IntroductionIt of the plaintiff’s eggs and the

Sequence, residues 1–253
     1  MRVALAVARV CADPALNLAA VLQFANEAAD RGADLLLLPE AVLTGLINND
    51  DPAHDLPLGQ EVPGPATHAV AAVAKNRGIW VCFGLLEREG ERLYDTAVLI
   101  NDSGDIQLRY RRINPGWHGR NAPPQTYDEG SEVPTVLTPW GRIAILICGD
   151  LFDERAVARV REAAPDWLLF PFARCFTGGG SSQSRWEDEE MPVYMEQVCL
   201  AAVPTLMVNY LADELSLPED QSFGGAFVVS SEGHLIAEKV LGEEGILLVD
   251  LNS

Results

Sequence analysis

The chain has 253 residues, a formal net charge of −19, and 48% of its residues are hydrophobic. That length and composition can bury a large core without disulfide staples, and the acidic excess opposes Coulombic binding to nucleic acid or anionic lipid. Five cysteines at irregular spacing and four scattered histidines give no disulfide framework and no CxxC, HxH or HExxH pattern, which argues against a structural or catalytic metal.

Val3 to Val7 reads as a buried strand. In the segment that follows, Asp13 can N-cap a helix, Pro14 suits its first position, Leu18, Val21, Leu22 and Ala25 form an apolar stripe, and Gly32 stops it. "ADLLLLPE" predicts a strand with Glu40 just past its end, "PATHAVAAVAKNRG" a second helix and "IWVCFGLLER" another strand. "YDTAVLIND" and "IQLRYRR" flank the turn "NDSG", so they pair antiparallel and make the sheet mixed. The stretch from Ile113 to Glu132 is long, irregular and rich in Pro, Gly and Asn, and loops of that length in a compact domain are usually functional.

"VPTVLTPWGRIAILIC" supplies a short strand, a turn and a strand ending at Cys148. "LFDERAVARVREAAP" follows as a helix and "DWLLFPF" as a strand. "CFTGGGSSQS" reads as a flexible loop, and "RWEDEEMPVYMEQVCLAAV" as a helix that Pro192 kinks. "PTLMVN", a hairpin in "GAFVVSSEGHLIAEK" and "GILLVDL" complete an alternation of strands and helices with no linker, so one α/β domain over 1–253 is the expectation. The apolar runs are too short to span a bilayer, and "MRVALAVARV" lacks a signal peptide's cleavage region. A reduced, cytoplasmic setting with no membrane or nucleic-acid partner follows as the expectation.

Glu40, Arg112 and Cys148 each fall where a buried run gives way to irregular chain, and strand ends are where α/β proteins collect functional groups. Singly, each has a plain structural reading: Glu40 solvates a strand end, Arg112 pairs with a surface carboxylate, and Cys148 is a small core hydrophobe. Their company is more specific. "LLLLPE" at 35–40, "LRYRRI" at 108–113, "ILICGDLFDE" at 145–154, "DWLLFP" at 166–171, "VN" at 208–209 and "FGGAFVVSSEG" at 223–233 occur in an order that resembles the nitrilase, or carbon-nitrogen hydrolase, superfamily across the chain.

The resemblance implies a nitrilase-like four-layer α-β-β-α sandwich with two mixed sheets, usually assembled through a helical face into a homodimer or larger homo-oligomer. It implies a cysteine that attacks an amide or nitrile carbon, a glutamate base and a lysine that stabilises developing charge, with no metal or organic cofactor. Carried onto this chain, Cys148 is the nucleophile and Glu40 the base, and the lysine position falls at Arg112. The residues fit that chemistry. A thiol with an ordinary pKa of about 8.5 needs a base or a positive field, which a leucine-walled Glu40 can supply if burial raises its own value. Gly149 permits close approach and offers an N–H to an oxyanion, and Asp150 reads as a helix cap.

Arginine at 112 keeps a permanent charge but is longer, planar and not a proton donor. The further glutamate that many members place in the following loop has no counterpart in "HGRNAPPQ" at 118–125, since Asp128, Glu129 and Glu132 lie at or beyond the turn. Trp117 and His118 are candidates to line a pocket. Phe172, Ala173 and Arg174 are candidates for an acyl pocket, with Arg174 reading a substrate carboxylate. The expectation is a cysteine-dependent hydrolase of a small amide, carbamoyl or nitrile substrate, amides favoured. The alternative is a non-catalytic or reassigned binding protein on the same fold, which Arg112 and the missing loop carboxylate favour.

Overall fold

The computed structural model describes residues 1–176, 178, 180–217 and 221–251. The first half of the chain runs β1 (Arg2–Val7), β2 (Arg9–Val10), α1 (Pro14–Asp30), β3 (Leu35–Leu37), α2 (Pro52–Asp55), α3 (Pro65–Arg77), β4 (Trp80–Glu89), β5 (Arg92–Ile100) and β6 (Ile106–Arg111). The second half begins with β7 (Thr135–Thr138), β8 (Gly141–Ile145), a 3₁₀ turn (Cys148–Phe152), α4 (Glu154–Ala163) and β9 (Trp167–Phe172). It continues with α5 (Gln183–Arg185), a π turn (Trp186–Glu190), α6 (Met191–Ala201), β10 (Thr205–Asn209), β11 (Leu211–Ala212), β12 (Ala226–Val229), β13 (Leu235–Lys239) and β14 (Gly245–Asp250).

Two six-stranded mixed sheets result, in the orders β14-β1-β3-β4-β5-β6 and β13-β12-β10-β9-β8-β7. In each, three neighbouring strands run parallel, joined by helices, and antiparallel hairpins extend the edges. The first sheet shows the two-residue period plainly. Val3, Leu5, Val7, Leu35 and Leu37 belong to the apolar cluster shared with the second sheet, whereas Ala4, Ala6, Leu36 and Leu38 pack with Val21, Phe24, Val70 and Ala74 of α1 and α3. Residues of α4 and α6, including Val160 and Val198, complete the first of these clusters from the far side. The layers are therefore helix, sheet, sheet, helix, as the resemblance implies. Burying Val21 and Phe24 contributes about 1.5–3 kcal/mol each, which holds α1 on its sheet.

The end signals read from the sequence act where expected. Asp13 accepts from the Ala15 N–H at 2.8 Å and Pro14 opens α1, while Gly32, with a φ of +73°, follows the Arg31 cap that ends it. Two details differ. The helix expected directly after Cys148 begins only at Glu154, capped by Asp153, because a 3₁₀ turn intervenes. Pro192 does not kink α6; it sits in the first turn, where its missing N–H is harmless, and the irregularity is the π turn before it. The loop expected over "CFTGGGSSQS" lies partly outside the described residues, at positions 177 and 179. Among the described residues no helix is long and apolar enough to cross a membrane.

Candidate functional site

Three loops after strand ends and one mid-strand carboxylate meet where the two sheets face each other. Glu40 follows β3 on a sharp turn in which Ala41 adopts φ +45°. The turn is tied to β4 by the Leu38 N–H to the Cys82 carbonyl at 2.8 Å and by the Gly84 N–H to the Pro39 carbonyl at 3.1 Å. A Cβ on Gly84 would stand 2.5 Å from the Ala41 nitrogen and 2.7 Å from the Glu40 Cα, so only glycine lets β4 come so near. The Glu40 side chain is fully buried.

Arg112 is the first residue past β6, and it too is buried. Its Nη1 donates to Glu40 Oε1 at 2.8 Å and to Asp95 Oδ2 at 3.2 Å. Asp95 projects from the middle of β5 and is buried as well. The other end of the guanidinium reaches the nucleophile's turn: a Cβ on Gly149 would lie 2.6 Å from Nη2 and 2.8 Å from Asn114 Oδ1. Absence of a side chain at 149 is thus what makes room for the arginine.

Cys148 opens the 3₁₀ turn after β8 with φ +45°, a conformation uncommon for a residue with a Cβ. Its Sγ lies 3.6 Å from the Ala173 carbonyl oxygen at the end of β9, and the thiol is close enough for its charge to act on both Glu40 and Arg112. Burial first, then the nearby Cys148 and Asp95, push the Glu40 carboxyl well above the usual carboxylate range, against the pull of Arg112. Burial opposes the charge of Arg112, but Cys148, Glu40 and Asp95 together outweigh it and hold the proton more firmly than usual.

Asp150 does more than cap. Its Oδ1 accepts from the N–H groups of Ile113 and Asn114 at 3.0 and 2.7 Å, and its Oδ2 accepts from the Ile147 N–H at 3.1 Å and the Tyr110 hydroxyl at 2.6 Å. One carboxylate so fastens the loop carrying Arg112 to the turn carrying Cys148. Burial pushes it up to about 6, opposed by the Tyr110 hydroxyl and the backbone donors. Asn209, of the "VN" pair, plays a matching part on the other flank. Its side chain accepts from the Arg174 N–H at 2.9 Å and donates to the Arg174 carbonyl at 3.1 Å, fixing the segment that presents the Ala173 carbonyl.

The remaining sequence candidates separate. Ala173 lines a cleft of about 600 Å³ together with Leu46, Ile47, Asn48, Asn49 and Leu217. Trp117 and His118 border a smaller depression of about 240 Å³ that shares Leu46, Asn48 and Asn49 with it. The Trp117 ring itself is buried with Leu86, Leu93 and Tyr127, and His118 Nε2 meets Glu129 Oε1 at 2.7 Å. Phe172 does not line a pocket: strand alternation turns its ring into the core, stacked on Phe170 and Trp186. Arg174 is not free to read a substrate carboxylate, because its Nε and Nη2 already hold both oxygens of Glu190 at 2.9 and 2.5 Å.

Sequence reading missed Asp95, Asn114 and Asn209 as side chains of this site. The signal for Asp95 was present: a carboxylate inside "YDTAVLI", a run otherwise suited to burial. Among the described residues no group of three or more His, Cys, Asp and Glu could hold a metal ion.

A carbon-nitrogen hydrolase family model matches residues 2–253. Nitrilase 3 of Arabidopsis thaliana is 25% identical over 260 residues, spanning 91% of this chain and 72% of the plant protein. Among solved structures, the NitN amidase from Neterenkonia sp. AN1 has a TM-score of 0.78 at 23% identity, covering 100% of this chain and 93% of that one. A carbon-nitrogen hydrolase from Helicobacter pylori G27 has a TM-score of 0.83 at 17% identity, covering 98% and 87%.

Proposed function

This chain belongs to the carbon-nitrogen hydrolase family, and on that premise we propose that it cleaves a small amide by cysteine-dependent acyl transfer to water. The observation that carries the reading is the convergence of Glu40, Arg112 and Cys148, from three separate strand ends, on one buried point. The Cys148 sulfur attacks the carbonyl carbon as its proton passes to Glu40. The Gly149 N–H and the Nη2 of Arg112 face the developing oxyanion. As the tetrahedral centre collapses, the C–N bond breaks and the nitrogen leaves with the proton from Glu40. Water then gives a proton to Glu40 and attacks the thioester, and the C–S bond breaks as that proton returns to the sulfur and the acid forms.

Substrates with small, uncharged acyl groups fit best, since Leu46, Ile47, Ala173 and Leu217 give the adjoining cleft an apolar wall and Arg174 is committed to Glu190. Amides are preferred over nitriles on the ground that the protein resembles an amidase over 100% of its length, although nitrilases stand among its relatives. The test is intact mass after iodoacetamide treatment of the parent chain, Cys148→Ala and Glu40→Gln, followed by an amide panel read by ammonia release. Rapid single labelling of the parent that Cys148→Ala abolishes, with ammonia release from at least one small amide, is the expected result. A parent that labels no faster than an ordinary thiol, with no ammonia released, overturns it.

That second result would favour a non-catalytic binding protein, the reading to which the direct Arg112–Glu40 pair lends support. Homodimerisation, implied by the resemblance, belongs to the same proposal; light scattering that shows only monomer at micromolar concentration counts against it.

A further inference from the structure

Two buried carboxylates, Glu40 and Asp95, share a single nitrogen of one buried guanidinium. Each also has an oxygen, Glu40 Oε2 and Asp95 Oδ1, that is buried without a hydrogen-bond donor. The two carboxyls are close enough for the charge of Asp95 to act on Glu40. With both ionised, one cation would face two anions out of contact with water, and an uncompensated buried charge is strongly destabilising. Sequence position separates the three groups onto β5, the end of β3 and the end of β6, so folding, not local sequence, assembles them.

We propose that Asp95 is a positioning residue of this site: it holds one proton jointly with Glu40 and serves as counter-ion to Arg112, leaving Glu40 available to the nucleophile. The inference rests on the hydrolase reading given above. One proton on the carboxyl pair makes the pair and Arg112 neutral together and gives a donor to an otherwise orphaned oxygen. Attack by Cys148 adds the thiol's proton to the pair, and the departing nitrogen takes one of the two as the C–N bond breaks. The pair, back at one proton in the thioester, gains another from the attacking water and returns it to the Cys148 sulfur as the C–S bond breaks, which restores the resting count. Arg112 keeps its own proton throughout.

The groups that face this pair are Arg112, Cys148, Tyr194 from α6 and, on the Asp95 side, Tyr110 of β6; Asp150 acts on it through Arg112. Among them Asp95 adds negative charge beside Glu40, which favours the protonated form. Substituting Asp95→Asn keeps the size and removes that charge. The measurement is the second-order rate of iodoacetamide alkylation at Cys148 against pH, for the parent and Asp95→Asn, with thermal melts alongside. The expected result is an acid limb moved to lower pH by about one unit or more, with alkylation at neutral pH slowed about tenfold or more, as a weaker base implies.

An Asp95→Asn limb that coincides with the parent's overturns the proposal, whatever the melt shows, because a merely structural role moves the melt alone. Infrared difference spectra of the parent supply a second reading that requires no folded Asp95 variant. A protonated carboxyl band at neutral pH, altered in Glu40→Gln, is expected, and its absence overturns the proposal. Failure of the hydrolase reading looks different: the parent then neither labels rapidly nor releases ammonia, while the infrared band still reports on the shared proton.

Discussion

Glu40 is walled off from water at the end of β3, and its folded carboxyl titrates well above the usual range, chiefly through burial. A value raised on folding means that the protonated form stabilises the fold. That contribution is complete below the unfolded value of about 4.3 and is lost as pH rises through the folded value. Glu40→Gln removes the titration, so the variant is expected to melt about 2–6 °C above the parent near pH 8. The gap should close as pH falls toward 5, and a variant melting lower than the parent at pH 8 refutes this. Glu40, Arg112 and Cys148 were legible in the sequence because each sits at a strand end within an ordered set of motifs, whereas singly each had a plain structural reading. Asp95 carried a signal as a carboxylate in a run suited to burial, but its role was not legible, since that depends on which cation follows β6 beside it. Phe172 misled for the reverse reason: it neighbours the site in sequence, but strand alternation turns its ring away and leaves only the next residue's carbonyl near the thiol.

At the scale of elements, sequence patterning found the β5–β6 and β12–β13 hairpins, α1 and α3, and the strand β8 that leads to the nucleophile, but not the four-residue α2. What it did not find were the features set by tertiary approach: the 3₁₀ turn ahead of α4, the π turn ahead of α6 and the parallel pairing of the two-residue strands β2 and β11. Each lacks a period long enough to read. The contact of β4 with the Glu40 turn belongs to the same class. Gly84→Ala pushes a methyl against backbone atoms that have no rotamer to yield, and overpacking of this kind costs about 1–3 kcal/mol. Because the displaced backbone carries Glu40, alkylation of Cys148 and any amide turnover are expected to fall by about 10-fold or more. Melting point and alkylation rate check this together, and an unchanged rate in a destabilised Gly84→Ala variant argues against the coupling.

IntroductionIt is proposed to answer question 3 “Write a case note on the Roche v Roche & Ors., 2009 IESC 82”. Information from the British and Irish Legal Information Institute website was used to research the case 1.This was a highly unusual and unique case. The case commenced in 2004 with the decision of the high court taken over 2 dates in 2006. The final verdict was taken by judge Murray C.J. in the supreme court in 2009.  The central issue in the case involved three embryos, which had been frozen and stored in a fertilisation treatment clinic. The court sided with the defendant.FactsThe history of the case involved a couple who got married in 1992. Shortly after their son was born in 1997, the mother (the plaintiff) underwent surgery for an ovarian cyst and lost two-thirds of her right ovary. The couple was eventually referred for IVF treatment in 2001 and six viable embryos were created. Three were inserted into the plaintiff’s uterus, which resulted in her becoming pregnant and subsequently given birth to her daughter in 2002. The remaining three embryos were frozen. Towards the end of the plaintiff’s pregnancy, the couple had marital difficulties and the husband (first named defendant) left their family home. The plaintiff wished to have the three frozen embryos implanted in her uterus and the first defendant did not wish this to happen and did not want to become the father of any child that might have been born as a result of the implantation of the frozen embryos.The case involved two separate claims. A Civil claim, on the basis that the plaintiff was entitled to have the three frozen embryos implanted in her, by agreement between herself and her husband. A Constitutional claim, the plaintiff claims that she is entitled to have the embryos implanted in her because they are within the meaning of the phrase “the unborn” as that phrase is used in Article 40.3.3 of the Constitution. The implantation of the embryos is necessary to preserve the right of the unborn to life.IssuesIn relation to the Civil claim, the first defendant (husband) signed 3 consent forms. The first form entitled “Husband’s Consent” in which he acknowledged that he was the husband of the plaintiff and consented to the fertilisation of the plaintiff’s eggs and the implantation of three embryos. The second form he signed, acknowledging that he would become the legal father of any resulting child. While the third form he signed, was a consent to embryo freezing. The courts had to make a decision, whether the “husband” consented to the plaintiff’s argument by prior agreement to the implantation of the surplus frozen embryos.In relation to the Constitutional claim, article 40.3.3 states “The State acknowledges the right to life of the unborn and, with due regard to the equal right to life of the mother, guarantees in its laws to respect, and, as far as practicable, by its laws to defend and vindicate that right.” The plaintiff argued that the three surplus embryos constitute the “unborn” for the purposes of Article 40.3.3 and that the State, (which includes the Court), is obliged to facilitate the implantation of the embryos into the plaintiff’s uterus having regard to the constitutional duty to protect unborn life. The courts were required to determine whether the term “unborn” in the Constitution includes the three frozen embryos in this case.JudgementsThe courts made a decision on the Civil case on the 18th July 2006. In this, the High Court held: (i) that there was no agreement between the plaintiff and her husband as to what was to be done with the frozen embryos in the circumstances that have arisen; and (ii) that her husband had not entered into an agreement which required him to give his consent to the implantation of the three frozen embryos. The courts made their decision after considering similar cases “Re the Marriage of Witten III 672 N.W. 2M 768 (Iowa 2003)”, “Davis v. Davis 842 S.W. 2d 588, 597 (Tenn. 1992)”. These cases involved frozen embryos by couples who have separated. The courts, in both cases, stated that mutual agreement is preferred and if no agreement exists then “Ordinarily, the party wishing to avoid procreation should prevail”. However, the fact of the matter was that in this case, no agreement, express or implied, was given as to the use of the three surplus frozen embryos.A decision was made on the constitutional case on the 15th November 2006. In this, the High Court declared that the frozen embryos were not the “unborn” within the meaning of Article 40.3.3 of the Constitution. The learned High Court judge held “that it was a matter for the Oireachtas to decide what steps should be taken to establish the legal status of embryos in vitro”. Both claims were appealed. However, all appeals were dismissed and the original High Court decision remains.ImpactThis particular case highlighted issues that should be addressed. The first was putting provisions in place to deal with the area of consent. If the fertilisation treatment clinic got both parties to sign legal documents stating what agreed action would be taken in relation to the frozen embryos, it could have avoided a civil claim by the plaintiff.The issue of when human life begins has never been defined and as the frozen embryos have no legal status in Irish Law, it may be open to the courts in a future case to consider whether an embryo enjoys constitutional protection under other provisions of the Constitution.The broader issues surrounding article 40.3.3 and the 8th amendment has been and still is a very divisive issue in Ireland. Since the 8th amendment was voted into law in 1983, there have been 4 additional referendums in connection with the “rights of the unborn”, with another referendum scheduled in 2018.All Judges involved in the case concurred that the plaintiff had no legal right within the Constitution and that the frozen embryos outside the worm does not warrant protection under article 40.3.3. This is something I would fully agree with.